Some Time in Sleepy Hollow

The fiery jack-o-lantern hurled toward me through the covered bridge.  It’s light illuminated the interior of the bridge section by section as it came nearer.  It was a thrilling image. The Headless Horseman threw the jack-o-lantern at the unfortunate Ichabod Crane in this Disney version.  That scene stuck with me through childhood and into adulthood. I learned that what I always thought of as “The Headless Horseman” as a kid was actually a short story called “The Legend of Sleepy Hollow” by Washington Irving who wrote it in 1819.  As a lover of books I thought to give Irving’s short story a try. I now read Irving’s “The Legend of Sleepy Hollow” every year around October and November. It is the best book to read around the autumn season as it has all things that we associate with autumn in it: scary ghost stories, brilliant autumn scenery, and an abundance of good food.

“The Legend of Sleepy Hollow” is a great ghost story.  Irving sets the story in superstitious Sleepy Hollow whose residents pass the time by telling stories about the ghosts they’ve seen first hand.  The Headless Horseman, or the Hessian of the Hollow, is the favorite among the locals but there are others. A Woman in White shrieks on winter nights before a storm because she perished in the snow and the unfortunate Major Andre who met his demise at the wrong end of a rope in a large gnarled tree.  “Local tales and superstitions thrive best in these sheltered, long settled retreats; but are trampled underfoot by the shifting throng that forms the population of most of our country population” (Irving 1078).

Ichabod Crane, the community’s school master, was very receptive to the Sleepy Hollow ghost stories.  He enjoyed adding to them from his copy of Cotton Mather’s History of Witchcraft in which “He most firmly and potently believed” (Irving 1063).  Ichabod’s willingness to believe in the ghost stories makes him a prime candidate to meet with the Headless Horseman.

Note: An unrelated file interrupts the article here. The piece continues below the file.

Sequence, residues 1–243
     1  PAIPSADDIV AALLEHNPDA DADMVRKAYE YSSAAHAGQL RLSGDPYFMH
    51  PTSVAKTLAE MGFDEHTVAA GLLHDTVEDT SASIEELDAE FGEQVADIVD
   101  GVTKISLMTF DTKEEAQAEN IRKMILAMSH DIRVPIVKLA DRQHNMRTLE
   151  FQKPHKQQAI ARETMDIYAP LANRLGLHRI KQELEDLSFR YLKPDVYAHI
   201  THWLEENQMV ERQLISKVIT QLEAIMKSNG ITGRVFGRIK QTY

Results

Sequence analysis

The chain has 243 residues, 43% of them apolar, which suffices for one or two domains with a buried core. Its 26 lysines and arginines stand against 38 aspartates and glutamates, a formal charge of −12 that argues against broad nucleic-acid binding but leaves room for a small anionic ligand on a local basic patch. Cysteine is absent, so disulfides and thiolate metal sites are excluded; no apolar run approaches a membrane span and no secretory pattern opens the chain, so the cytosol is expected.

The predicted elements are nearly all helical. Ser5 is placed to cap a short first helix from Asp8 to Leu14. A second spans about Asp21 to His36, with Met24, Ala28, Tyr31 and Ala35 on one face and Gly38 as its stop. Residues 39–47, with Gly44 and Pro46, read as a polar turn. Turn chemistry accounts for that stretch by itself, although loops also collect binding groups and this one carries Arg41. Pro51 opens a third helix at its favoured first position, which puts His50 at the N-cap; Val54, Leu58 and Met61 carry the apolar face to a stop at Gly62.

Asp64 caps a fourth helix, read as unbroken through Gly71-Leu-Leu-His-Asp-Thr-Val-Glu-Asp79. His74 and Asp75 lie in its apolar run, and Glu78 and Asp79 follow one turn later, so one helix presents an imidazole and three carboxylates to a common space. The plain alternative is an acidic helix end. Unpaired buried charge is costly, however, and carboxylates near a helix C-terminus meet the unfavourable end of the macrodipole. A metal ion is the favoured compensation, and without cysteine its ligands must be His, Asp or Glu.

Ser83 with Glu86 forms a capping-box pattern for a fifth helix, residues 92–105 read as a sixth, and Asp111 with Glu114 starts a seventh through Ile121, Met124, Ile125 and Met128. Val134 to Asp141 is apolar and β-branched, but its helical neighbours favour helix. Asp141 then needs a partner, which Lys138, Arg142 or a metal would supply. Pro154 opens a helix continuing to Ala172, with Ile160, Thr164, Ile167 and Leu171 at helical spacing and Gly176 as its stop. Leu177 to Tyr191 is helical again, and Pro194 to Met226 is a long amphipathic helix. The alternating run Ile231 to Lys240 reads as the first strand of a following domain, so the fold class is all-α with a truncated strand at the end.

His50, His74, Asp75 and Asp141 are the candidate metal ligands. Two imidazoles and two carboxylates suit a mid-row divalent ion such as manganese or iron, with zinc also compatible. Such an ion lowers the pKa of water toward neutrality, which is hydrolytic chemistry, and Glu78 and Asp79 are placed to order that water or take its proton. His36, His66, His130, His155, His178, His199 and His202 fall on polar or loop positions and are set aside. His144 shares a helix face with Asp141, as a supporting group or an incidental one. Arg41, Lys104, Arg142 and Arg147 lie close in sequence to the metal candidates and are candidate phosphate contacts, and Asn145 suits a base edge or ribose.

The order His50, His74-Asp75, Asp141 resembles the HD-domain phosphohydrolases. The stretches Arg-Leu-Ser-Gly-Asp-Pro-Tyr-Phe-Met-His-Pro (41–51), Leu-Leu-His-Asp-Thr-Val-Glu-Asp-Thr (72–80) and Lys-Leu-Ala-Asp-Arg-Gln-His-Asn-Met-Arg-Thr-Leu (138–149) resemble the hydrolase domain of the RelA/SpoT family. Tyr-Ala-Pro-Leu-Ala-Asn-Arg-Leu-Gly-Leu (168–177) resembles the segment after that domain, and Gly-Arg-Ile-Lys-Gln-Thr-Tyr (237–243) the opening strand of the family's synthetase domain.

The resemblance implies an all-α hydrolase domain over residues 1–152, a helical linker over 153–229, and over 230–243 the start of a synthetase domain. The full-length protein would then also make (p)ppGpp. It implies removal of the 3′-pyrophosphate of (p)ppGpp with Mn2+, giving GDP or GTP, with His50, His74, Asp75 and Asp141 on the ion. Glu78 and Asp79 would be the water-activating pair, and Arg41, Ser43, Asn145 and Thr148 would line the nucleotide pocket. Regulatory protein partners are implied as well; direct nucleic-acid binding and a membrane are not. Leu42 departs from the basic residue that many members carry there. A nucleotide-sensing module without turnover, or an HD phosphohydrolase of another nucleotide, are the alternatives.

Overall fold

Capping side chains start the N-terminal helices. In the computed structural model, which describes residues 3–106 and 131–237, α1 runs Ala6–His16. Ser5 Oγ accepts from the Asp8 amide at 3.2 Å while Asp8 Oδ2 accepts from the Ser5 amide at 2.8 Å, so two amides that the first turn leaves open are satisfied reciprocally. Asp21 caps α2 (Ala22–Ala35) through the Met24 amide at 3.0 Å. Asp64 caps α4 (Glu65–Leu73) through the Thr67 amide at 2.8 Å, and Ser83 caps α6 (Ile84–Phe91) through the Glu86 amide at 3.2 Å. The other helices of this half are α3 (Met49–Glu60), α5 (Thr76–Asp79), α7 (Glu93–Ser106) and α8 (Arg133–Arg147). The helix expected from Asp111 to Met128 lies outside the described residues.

It’s thanks to Ichabod that we have such a wonderful description in “The Legend of Sleepy Hollow” of a farm community in the autumn.  He notices the brilliant autumn leaves and the bountiful harvest. Ichabod takes pleasure in the table and he notes all the farm animals and crops that will make excellent future dining.  It is through his appreciative eyes that we observe the tables laden with pies and cakes. The tables groan with their burdens of ham slices, beef, and broiled chicken. The spread of food would out do any of our Thanksgiving tables.  It is going home from this last gathering that the school master, Ichabod Crane, meets the Headless Horseman.

I won’t go into what happens next as an incentive for you to get the book from the library and read it for yourself.  Don’t cheat and watch a movie or see the Disney cartoon because Washington Irving’s story is much richer. It’s the difference between fast food and a five-star restaurant.  Reading Irving’s “The Legend of Sleepy Hollow” will transport you from your comfortable armchair and into a small farming community with the abundance of the autumn season and ghosts for company.  


Works Cited

Irving, W.  Irving: Letters of Jonathan Oldstyle, Gent., Salmagundi, A History of New York, The Sketchbook, New York, Literary Classics of the United States, Inc., 1983.